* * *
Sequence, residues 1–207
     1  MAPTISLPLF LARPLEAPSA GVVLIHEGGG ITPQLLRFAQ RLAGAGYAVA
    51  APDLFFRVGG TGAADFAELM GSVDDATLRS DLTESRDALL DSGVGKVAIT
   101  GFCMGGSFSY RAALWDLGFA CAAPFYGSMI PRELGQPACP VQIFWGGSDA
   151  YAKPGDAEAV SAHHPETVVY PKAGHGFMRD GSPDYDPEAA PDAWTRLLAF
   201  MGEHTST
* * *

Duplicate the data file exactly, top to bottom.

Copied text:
Sequence, residues 1–207
     1  MAPTISLPLF LARPLEAPSA GVVLIHEGGG ITPQLLRFAQ RLAGAGYAVA
    51  APDLFFRVGG TGAADFAELM GSVDDATLRS DLTESRDALL DSGVGKVAIT
   101  GFCMGGSFSY RAALWDLGFA CAAPFYGSMI PRELGQPACP VQIFWGGSDA
   151  YAKPGDAEAV SAHHPETVVY PKAGHGFMRD GSPDYDPEAA PDAWTRLLAF
   201  MGEHTST